Recent excavations near the south coast of Athens (at Faliron) have unearthed mass burials of around 80 men that were executed. There is a good chance that these poor men, can be followers of Kylon. All the victims are of relatively young age, they all appear to have been in good health when put to death and the most chilling detail is that all their hands were tied up.
We have to be very careful jumping into conclusions here, as the same area of Faliron, is known since the beginning of the 20th century for being rich in different burials of people that were executed in different horrible ways, most of them using the method of ‘apotympanismos’. Those condemned, were chained on a wooden plank and were left to die there exposed to the elements (much like what the Romans used to do later when they used crucifixion as a method of execution). That’s the way that the city of Athens executed criminals and those skeletons that were excavated back in 1920s by Greek archaeologists Kourouniotis and Pelekidis. Those executed may have been pirates and according to a well-documented study by professor Keramopoulos that was published in 1923, execution by chaining on a wooden board was relatively common from the 7th c. BC till the 4th c. BC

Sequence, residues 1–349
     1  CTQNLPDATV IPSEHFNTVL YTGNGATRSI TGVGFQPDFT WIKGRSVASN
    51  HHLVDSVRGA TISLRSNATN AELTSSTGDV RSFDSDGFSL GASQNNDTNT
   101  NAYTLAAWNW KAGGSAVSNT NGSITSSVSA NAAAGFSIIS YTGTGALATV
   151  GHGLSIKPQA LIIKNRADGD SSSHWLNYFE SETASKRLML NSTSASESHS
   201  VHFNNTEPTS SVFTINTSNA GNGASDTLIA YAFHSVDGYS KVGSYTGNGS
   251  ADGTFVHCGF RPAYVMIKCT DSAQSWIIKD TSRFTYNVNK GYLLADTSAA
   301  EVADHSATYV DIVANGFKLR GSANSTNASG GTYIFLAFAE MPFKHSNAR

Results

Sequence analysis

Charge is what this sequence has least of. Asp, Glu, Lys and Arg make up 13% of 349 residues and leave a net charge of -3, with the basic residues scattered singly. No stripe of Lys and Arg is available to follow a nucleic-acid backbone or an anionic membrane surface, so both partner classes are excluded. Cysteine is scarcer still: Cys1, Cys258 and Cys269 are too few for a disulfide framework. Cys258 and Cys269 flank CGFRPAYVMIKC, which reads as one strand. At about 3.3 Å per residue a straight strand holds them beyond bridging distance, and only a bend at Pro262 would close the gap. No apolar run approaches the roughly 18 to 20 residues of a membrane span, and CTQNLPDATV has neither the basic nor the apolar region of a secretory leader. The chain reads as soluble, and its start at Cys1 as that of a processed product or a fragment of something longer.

Ο αποτυμπανισμός : Συμβολή αρχαιολογική εις την ιστορίαν του ποινικού δικαίου και την λαογραφίαν -ΑΝΤΩΝΙΟΣ ΚΕΡΑΜΟΠΟΥΛΟΣ (εκδ.Εστια, 1923)
We have to wait for the forensic examination of the human remains unearthed at Faliron. This data, combined with the study of different findings that were excavated and the re-reading of ancient sources, will give us a clearer picture of the twilight of the Athenian Democracy.
How wonderfully passionate are the many ways that Socrates and Plato try to convince us that the only safe way that leads us to happiness, is education. Plato dreamed of public libraries, public lectures, education being a basic element of a free city-state.
Jean-Jacques Rousseau says: “If you wish to know what is meant by public education, read Plato’s Republic. Those who merely judge books by their titles take this for a treatise on politics, but it is the finest treatise on education ever written.” [Emile, or On Education (1762)]
No wonder why the great Cicero was seen most times with a book in hand.